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{ Finding inspiration and researching in order to come up with an idea that is creative and fresh is a rewarding process

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the design. We don’t have to reinvent the wheel; we can take these inspirations and make them our own. History repeats itself; like in the fashion world. Fashion styles are recycled from the inspiring designers who shocked the world of their time with their designs, as they pushed the boundaries of body image. Peter Ingerwersen is a fashion designer inspired by rock and roll, who is responding to worldwide contemporary issues surrounding global warming. He creates his youthful unique designs with sustainability in mind. With the use of technology he is able to successfully mix

ethics and current eco issues with high fashion design, proving that sustainable fashion can break the stereotypical images of models wearing potato sacks, plastic and paper (Rachlin 24) As designers; we should keep up with the; dare I say, recent ‘design issues’. This is not something that is hard to do; how many hours a day do we spend on the internet? Visiting blogs and websites is an easy and effective way to find out what’s happening out there, what’s new and upcoming. Mathew Daley on Design Inspiration Blogspot says:

present moment all while trying to forge my own style that I hope is distinct and consistent but not too alienating and that satisfies me as well.” Looking at current trends is a way to be informed about what’s out there at the moment. We want our designs to have our own style, however, not be totally different that it is alienated and socially irrelevant. Finding inspiration and

researching in order to come up with an idea that is creative and fresh is a rewarding process. We should look to history to be able to reinterpret what has been done successfully; being informed allows us to be able to move forward, update the old; keeping in mind ethical and current trends to create the new. By being informed in our own design practice we can refresh ideas to form creative, purposeful and meaningful design.

“I try to keep track of what’s in vogue stylistically at the References Carney, Rob. “Be more creative.” Computer Arts (2010): 52-55. Print. Jeff Andrews. Matthew Daley. Design Inspiration, 12 FEB 2010. Web. 12 MAR 2010. <http://designinspiration.blogspot.com/>. Rachlin, Natalia. “Sense and Sustainability.” Zink (2009): 24. Print.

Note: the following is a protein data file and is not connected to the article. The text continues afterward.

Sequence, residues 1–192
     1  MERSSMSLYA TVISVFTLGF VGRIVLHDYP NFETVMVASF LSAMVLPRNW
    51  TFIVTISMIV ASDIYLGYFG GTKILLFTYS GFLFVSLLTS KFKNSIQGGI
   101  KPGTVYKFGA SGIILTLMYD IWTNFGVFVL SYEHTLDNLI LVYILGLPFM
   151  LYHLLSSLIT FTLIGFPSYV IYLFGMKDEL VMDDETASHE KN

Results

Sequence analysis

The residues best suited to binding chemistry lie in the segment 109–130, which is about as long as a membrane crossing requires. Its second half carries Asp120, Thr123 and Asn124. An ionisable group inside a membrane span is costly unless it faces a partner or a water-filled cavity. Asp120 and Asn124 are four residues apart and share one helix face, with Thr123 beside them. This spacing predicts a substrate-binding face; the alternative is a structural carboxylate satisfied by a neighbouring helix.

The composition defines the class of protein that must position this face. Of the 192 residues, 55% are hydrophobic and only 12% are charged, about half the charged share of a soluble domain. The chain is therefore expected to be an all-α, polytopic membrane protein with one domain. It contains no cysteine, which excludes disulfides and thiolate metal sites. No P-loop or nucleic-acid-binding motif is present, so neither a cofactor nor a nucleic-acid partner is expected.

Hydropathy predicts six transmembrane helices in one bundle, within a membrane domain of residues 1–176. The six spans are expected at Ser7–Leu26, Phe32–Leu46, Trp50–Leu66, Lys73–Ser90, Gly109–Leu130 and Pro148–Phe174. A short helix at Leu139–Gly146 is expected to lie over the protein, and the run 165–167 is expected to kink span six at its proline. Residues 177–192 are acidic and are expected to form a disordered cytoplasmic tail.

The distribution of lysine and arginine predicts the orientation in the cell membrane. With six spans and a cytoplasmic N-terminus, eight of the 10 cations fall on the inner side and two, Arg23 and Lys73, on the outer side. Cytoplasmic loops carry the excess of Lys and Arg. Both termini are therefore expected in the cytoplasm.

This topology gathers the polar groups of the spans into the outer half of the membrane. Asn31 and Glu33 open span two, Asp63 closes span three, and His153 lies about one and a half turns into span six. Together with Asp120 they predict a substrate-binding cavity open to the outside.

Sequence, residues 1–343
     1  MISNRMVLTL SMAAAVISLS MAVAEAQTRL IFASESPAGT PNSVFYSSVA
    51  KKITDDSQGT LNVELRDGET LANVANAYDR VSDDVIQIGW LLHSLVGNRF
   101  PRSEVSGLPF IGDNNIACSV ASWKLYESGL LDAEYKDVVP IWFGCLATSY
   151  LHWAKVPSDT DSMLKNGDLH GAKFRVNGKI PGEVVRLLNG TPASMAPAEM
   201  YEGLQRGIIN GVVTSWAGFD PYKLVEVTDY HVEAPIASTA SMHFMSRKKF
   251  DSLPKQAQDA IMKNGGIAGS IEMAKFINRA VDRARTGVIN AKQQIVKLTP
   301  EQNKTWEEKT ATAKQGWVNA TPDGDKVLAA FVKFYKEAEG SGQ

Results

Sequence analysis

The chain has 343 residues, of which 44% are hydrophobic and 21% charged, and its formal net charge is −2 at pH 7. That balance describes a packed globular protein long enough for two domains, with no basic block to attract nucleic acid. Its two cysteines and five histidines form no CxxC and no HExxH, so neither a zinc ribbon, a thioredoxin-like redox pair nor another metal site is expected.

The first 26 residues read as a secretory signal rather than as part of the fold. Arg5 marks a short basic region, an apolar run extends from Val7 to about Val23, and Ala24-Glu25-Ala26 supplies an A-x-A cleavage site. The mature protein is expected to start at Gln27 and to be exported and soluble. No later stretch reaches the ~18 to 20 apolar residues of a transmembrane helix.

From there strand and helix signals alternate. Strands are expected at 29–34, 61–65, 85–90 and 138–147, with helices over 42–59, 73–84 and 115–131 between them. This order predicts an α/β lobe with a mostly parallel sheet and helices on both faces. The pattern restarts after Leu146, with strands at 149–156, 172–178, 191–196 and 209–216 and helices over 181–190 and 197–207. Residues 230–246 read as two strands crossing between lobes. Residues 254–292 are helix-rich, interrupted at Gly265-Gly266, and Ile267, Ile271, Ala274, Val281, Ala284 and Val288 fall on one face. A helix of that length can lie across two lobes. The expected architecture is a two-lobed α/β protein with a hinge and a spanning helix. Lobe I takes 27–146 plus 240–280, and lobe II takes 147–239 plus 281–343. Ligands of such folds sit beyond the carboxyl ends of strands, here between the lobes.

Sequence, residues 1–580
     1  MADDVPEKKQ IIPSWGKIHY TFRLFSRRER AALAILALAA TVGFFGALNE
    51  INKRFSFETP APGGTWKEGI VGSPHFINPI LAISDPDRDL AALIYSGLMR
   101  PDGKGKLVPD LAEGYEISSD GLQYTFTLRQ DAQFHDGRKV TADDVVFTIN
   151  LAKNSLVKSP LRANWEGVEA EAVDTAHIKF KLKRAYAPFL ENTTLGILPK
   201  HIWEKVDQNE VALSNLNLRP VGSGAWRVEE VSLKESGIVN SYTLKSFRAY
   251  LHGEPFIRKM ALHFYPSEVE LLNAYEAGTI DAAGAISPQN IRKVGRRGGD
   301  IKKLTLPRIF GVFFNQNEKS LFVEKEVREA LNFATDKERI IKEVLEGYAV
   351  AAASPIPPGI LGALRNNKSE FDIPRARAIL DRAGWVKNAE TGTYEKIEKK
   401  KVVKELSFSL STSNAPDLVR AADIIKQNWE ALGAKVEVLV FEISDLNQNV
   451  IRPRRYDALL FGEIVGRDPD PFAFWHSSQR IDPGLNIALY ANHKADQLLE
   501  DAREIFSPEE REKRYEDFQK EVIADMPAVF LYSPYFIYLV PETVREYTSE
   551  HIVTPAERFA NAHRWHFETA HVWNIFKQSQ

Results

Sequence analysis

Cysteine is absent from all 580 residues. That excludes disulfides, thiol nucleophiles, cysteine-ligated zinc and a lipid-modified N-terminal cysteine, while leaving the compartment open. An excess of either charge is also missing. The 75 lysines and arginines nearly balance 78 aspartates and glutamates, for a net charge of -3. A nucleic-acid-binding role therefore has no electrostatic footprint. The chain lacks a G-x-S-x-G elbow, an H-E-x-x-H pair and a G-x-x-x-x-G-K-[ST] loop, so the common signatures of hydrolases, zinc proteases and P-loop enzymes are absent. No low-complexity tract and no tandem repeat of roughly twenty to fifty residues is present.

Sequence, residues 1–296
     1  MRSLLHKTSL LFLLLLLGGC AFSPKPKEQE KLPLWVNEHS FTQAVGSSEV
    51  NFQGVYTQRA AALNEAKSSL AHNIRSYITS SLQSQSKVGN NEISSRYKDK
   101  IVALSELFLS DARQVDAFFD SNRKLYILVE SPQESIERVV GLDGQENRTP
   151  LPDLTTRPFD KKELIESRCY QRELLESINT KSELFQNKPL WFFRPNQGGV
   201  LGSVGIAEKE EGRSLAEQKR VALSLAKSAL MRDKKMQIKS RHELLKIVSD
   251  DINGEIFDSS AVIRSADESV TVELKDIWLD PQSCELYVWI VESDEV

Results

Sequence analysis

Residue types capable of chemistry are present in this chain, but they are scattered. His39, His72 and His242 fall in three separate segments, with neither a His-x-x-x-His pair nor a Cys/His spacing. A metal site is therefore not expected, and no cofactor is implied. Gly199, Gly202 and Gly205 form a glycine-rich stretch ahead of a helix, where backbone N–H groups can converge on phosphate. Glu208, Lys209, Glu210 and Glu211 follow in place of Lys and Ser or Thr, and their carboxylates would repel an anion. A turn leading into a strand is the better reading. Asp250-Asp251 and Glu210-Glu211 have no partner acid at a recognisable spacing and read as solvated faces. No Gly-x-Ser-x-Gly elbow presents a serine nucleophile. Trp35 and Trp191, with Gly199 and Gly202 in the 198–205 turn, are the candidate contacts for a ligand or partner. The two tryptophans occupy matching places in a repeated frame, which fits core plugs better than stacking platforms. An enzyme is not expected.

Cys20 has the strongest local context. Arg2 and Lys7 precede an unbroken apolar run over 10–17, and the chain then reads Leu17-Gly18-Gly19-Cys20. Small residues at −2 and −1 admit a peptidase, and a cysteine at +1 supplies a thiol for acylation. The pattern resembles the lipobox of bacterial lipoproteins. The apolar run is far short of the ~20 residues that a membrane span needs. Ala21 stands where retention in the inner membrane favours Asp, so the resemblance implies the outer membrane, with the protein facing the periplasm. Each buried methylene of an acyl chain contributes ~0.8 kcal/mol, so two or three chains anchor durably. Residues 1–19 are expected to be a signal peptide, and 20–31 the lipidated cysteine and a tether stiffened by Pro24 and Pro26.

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OW DO WE, GO

ABOUT

DESIGN

“WHATEVER?”

H

Designing often requires a designer to consider the aesthetic, functional, and many other aspects of an object or a process, which usually requires considerable research, thought, modeling, interactive adjustment, and re-design. Chris Swan

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{ Design underpins every form of creation from objects such as chairs to the way we plan and execute our lives }

According to the College of Design, Bachelor of Fine Arts, Graphic Design, Iowa State University, “Designing often requires a designer to consider the aesthetic, functional, and many other aspects of an object or a process, which usually requires considerable research, thought, modeling, interactive adjustment, and re-design.” With such a broad definition, there is no universal language or unifying institution for designers of all disciplines.” It is clear through the versatile and in depth processes that designers go through whether young or old, that the term “whatever”, clearly doesn’t exist. “Whatever”, is a stereotype that follows the youth, but; it is clearly seen that such terms are not part of our vocabulary when it comes to aspects of life, especially in design. There are many design processes that designers go

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through to reach a final product to present. It is said that the youth of today has a negative attitude towards design, a “whatever” attitude.

achieve a final product that has a certain stylistic quality about it.

This “attitude”, states that we don’t care, cannot be bothered and/or have no real aspirations. But when it comes to design you can throw this attitude out the window. In no way do young designers have a negative or a “whatever” attitude when it comes to design. Design takes a lot of effort and a lot of time if you wish to present a good final product. To begin work on any design, you must have an idea of the design philosophy for the given product. A design philosophy; is a guide to help make choices when designing such as ergonomics, costs, economics, functionality and alterations. An example of design philosophies being put into action is when a designer uses “dynamic change” to alter the existing design and